Subject: Re: [std-proposals] Avoid copies when using string_view with APIs expecting null terminated strings
From: Thiago Macieira (thiago_at_[hidden])
Date: 2020-12-23 13:27:24
On Wednesday, 23 December 2020 13:48:51 -03 Arthur O'Dwyer via Std-Proposals
> Nobody's mentioned it yet for some reason, but this is far from the first
> time that the idea of "null-terminated string_view" has come up. The
> traditional name for it is "zstring_view", and you can find more
> information by googling that name.
I've seen both zstring_view and cstring_view, the difference between them is
that the former usually carries an explicit size whereas the latter does not.
Yes, it's duplicated information, but the size is a very common information
that is needed. That also makes it layout-compatible with string_view, whereas
cstring_view is layout-compatible with a plain pointer.
> An interesting runtime variation is bev::string_view --
> bev::string_view remembers which constructor was used to construct it -- the
> pointer-length constructor, or the std::string/const char* constructor? --
> and therefore remembers whether it's safe to access the char at
> this.data()[this.size()]. This means it knows whether it's safe to test
> this.data()[this.size()] against '\0', which means it can frequently detect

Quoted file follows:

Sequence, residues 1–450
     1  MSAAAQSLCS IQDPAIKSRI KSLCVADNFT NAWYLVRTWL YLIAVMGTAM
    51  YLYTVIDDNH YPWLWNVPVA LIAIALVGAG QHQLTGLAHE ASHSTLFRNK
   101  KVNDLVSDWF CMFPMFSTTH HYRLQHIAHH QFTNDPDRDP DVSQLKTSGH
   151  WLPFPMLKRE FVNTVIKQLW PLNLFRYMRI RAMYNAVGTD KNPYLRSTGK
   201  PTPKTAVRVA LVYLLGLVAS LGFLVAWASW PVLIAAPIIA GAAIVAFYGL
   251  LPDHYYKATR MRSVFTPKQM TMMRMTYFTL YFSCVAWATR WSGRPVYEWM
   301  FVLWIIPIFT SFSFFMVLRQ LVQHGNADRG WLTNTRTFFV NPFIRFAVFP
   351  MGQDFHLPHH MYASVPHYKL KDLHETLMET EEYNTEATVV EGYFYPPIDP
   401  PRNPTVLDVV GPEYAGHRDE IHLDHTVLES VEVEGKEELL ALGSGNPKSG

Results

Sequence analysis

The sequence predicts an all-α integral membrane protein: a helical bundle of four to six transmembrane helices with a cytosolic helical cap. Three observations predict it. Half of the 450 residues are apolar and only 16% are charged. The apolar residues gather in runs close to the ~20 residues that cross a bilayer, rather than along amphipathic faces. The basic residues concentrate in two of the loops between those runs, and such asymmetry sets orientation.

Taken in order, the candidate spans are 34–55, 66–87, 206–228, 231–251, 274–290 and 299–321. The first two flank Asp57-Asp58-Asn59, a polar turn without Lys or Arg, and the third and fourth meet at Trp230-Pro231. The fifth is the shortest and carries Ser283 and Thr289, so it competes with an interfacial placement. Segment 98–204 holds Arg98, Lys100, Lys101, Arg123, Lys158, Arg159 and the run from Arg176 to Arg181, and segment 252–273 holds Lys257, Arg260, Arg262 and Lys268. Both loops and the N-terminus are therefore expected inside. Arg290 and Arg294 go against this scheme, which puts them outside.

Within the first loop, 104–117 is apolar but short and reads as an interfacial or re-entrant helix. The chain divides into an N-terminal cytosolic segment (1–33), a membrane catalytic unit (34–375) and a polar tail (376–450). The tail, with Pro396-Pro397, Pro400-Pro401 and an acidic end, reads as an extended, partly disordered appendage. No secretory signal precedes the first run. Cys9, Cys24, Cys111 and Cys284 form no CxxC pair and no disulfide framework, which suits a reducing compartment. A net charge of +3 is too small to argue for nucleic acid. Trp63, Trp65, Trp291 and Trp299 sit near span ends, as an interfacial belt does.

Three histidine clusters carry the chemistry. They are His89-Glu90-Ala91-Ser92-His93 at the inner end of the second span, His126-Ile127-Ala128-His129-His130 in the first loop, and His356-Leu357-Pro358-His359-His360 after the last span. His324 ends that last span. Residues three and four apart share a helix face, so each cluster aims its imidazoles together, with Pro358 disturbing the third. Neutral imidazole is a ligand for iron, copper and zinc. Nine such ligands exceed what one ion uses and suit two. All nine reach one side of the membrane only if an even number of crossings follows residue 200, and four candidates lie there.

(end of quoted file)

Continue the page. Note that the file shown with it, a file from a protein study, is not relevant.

> its own null-terminated-ness at runtime. (But if it was constructed with
> the pointer-length constructor, and never .remove_suffix'ed, then it would
> conservatively report that it didn't know itself to be null-terminated and
> couldn't find out without UB.)
It can't report, period. Even if it could determine that the NUL is there
after the string data, it can't guarantee that it will *remain* there. Since
that byte may belong to something, it may therefore be asynchronously
The only time when it's legal to access that NUL is when doing strlen() in the
constructor. And even then, this class as you described must have as part of
its contract that the size()+1 must remain unchanged while the object lives.
> Microsoft GSL used to provide (or at least, used to document) a
> `zstring_span` with zstring_view semantics. However, these days, GSL
> provides `czstring` only as a type alias for `const char*`, and has gotten
> rid of its pre-C++17 `string_span` and `zstring_span` types.
Ok, that's new to me. cstring, zstring, czstring... since it's MS, I suppose
they also had lpszwstring? :-)
-- Thiago Macieira - thiago (AT) macieira.info - thiago (AT) kde.org Software Architect - Intel DPG Cloud Engineering
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